Aerie's Latest Ad Campaign Supports Inclusivity For Those With Disabilities

Clothing brand Aerie has featured a number of models with disabilities in their latest ad campaign, to share a message of inclusivity and self-love.

Aerie has long made the world feel real, beautiful, and just plain good, and last week, the brand continued their trend. This time by showing and proving that true beauty, or real beauty, does not need to fit inside of a neat and tidy little box. As part of the brand’s ongoing campaign, #AerieREAL, which, according to Adweek,“aspires to promote body positivity through the use of unretouched images—typically, featuring models of different racial backgrounds and in a variety of body types.” The undergarment retailer’s latest viral ads do exactly that.

The campaign just released images now seen on the site’s product pages that feature women of all shapes, sizes, and colors from all walks of life proudly displaying their disabilities, medical illnesses, or chronic conditions for the entire world to see. They do this all while fashioning everything from the brand’s bralettes to their signature workout apparel, of course. From a cancer survivor and a Down syndrome Paralympian (i.e. gymnast Chelsea Werner!), to a gorgeous gal with fibromyalgia (+ body hair), a ravishing beauty with vitiligo, or two more just rocking it out with their insulin pumps or ostomy bag, Aerie’s new campaign definitely embraces a whole other side of beauty.

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Casting-wise, a call had been put out by the brand across social media, asking women to brave the masses and to share a video of themselves that explained why it was that they wanted to take part in the #AerieREAL campaign. The response was sensational, with just about a couple thousand responses. In the end, exactly fifty-seven women were cast in the latest campaign, “Aerie Bras Make You Feel Real Good.” According to an official Aerie press release, the women were selected because they “represent the inclusive beauty that makes up the DNA of the brand, which is committed to empowering all customers to embrace and love their real selves.”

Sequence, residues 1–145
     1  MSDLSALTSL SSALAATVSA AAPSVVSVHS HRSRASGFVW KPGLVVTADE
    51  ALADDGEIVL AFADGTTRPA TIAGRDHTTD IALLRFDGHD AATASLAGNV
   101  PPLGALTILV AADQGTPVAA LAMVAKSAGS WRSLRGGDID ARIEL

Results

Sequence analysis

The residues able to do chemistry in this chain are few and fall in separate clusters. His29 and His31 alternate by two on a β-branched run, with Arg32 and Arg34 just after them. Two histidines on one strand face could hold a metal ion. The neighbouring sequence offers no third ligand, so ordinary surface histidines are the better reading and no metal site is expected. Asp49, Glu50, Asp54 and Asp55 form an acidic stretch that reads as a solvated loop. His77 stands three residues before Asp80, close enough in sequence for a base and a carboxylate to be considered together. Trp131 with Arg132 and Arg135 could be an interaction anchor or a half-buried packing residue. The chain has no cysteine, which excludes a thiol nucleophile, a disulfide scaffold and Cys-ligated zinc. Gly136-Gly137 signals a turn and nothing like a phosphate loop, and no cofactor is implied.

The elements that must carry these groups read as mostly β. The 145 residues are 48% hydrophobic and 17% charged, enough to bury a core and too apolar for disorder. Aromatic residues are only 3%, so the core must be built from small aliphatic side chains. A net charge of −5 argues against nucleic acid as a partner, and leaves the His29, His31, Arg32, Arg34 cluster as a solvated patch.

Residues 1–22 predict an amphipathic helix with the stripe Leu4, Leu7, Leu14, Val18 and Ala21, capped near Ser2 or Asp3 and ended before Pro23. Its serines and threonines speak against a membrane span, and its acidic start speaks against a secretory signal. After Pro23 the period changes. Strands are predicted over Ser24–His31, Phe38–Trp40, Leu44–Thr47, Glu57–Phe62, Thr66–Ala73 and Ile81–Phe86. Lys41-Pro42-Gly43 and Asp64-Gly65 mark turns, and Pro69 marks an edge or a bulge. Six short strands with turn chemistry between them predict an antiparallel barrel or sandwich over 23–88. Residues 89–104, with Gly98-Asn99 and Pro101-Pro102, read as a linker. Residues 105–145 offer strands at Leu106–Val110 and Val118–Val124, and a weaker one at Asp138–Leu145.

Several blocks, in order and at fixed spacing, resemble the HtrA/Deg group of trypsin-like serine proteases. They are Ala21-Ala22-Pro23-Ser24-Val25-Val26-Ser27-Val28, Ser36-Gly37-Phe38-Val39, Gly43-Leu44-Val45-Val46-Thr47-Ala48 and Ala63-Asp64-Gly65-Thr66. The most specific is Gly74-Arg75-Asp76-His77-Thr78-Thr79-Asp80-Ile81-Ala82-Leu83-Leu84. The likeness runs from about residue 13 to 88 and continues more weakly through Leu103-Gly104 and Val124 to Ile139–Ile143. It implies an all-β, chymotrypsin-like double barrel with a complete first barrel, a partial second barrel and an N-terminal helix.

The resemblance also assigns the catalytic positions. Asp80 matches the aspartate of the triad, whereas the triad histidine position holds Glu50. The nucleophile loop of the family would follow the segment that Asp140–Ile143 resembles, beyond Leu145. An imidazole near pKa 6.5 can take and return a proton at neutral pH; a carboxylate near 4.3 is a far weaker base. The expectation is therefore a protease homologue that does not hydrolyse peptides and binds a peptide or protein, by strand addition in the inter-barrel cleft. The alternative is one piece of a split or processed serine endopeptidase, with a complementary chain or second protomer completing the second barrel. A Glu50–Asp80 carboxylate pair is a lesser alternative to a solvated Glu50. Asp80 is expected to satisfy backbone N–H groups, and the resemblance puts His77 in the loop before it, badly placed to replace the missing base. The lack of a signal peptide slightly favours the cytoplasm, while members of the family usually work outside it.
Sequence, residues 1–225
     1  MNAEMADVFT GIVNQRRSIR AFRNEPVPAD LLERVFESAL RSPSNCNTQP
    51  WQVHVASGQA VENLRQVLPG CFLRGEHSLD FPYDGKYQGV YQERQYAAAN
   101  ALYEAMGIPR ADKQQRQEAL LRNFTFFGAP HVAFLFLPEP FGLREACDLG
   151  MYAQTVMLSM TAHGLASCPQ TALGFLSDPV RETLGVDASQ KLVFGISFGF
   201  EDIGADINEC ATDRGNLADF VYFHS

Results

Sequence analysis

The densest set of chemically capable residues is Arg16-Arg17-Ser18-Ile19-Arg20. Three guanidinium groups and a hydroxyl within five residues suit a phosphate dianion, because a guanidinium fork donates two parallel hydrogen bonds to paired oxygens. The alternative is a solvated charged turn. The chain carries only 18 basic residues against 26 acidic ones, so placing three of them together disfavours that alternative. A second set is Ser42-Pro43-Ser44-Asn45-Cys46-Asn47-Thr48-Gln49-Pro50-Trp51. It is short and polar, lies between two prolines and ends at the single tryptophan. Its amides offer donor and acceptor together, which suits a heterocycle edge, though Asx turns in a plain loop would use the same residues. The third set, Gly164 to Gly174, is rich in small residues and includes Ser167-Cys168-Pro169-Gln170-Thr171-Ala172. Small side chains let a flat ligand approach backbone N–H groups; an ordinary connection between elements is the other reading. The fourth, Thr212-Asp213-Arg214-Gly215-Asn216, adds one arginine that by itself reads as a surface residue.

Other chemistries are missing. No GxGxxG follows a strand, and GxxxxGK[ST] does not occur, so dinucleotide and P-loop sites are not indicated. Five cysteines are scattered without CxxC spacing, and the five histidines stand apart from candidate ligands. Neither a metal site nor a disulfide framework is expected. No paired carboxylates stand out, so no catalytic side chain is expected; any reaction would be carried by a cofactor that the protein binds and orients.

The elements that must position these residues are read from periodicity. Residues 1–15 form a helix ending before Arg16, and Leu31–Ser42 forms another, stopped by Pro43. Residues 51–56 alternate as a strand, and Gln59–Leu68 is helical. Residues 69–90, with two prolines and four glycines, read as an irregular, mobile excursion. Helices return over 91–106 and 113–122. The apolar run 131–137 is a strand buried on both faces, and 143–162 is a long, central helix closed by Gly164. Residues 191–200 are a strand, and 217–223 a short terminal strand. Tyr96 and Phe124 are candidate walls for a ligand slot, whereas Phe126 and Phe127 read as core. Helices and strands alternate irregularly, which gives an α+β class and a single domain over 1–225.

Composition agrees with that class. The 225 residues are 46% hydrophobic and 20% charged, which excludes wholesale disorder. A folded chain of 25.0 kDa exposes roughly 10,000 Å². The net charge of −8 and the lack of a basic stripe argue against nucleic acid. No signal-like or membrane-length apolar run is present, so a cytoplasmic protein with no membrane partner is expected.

As a brand, Aerie has long been about love. It stands tall as an ongoing leader in empowering women and celebrating inclusivity and body positivity by sticking to its cheer-worthy commitment to not edit any of the images used in any of its marketing, in its stores, and on its website. It all began with the initial launch of #AerieREAL in January of 2014.

“Our newest bra models are part of our brand’s ongoing commitment to show real, authentic and unretouched women, who are at the core of everything that we do,” adds Jennifer Foyle, Aerie global brand president. There is no real surprise that Aerie's latest depiction of women has garnered much praise from fashionistas, fans, and advocacy groups alike.

The fact of the matter is, one in five Americans have a disability, which is defined as either a mental impairment, such as autism, or a physical one, such as spina bifida. Messages of body positivity for women and people with disabilities are, as Papermag writes, really important, “because they allow for necessary forms of inclusion within an often still exclusive fashion industry.”

In Aerie's case, not photoshopping women who appear in their ads has actually helped sales surge over twenty percent in previous years, according to a 2016 report. Real. True. Natural. Beautiful. Thank you Aerie for yet another fashion slam dunk worth celebrating.

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